US set to drop charges against MIT’s Chen on China research funds

Following conviction of Harvard’s Lieber, expected clearing of fellow Cambridge nanotechnology expert fits with broader failures of Trump-led academic prosecutions

January 17, 2022
MIT
Source: iStock

US prosecutors are reported to have recommended dropping criminal charges against a Chinese-born Massachusetts Institute of Technology professor accused in the Trump-era crackdown on scientists with foreign funding.

The defendant, Gang Chen, a mechanical engineer and nanotechnology expert, has been one of the more high-profile cases, given his scientific stature and MIT’s commitment to defend him.

That institutional support stands in contrast to many of the dozens to hundreds of university cases in which Trump administration officials accused academic scientists of not properly filling out paperwork outlining their overseas sources of funding.

The most prominent among them, Charles Lieber, a former chairman of chemistry at Harvard University, was convicted last month on five criminal counts concerning his work with the Wuhan University of Technology in China.

Federal prosecutors in the Chen case are described by sources not willing to be named publicly as having already decided to drop the charges and awaiting final approval by other US Justice Department officials. The development was initially reported by The Wall Street Journal and The Washington Post.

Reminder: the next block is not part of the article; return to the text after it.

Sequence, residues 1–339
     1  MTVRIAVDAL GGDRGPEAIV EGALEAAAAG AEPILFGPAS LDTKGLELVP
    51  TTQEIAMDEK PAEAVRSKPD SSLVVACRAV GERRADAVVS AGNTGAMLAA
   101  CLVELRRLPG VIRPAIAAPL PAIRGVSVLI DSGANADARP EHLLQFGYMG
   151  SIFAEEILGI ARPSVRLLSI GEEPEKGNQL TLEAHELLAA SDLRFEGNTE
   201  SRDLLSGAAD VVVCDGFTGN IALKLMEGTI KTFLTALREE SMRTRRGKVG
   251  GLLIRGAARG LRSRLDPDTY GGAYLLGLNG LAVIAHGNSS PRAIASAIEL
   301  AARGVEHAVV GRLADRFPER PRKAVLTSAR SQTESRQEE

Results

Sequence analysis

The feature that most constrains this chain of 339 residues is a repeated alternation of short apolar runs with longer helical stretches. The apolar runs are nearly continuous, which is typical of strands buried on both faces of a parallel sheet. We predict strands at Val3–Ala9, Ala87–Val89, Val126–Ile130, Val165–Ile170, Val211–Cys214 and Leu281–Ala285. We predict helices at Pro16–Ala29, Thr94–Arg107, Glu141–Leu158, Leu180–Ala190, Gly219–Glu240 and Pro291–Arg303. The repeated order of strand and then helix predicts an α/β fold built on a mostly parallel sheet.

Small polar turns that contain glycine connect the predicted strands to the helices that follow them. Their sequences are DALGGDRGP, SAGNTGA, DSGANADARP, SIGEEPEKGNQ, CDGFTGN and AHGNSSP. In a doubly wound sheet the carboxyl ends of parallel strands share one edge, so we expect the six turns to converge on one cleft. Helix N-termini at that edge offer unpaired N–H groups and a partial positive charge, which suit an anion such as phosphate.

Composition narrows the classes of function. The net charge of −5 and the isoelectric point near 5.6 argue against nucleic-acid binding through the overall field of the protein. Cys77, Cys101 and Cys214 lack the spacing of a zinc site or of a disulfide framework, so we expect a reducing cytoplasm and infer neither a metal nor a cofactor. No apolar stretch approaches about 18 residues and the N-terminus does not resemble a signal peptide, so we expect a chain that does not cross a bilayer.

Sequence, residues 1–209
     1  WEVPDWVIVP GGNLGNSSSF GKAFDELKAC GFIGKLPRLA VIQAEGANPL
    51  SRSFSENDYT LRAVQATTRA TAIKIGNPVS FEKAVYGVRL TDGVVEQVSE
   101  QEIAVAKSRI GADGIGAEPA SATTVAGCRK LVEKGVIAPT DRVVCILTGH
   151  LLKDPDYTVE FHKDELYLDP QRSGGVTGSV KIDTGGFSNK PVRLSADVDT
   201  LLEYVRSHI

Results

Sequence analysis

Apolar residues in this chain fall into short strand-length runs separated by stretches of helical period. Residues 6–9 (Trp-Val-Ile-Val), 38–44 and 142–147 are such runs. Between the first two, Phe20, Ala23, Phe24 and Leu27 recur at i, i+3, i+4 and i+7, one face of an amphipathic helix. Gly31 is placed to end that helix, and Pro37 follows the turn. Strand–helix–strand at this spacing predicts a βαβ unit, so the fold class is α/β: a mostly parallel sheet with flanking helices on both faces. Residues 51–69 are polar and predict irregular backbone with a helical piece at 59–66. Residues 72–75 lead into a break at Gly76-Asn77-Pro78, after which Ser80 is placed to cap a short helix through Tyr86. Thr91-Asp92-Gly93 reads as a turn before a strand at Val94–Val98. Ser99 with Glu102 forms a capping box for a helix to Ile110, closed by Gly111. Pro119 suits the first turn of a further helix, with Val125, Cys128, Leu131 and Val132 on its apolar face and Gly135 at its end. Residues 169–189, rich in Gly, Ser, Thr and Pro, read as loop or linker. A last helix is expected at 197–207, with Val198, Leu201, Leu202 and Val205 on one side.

An attorney for Professor Chen, Robert Fisher, said he could not discuss the matter. “No comment,” Mr Fisher said, “other than we will continue to fight for Professor Chen until we clear his name.”

Professor Chen was arrested in January 2020 in Boston as he and other MIT faculty and students returned from a trip to China. He was accused of failing to disclose more than $19 million (£14 million) in Chinese government support while also taking US government research money, although later reports suggested that the disclosure rules he allegedly violated were not in effect at the time he pursued his US funding.

As for the overall crackdown on scientists, federal officials have given mixed explanations for it, often attributing the prosecutorial campaign to a general desire to avoid wasting government money on research that has already been funded by other sources. They have acknowledged, however, that their investigations have solely involved non-US partners, usually China, and rarely alleged actual espionage.

US political leaders have been especially concerned with any academic researcher showing signs of involvement in the Thousand Talents Plan, a campaign by China to hire the world’s best scientific and technical expertise.

Professor Lieber’s case is the only successful courtroom prosecution; it ended last month with his conviction on six felony counts after he admitted having hidden some of the cash he received in China. Allies described the professor, also a nanotechnology expert, as fearful that international politics would derail scientific work that he considered important.

Another professor, Anming Hu, was acquitted after the first trial of the Trump-era crackdown when a federal judge concluded that the evidence against the Chinese-born professor at the University of Tennessee at Knoxville had little merit.

At least seven other such cases have been dismissed before trial.

paul.basken@timeshighereducation.com

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